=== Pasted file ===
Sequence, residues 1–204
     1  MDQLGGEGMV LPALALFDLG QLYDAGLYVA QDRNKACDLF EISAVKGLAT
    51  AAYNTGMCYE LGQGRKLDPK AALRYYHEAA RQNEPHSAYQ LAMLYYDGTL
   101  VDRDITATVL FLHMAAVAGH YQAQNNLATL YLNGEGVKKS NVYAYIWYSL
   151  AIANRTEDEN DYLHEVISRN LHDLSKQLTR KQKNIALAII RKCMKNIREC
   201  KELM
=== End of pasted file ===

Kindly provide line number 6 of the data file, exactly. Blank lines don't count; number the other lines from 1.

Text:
   201  KELM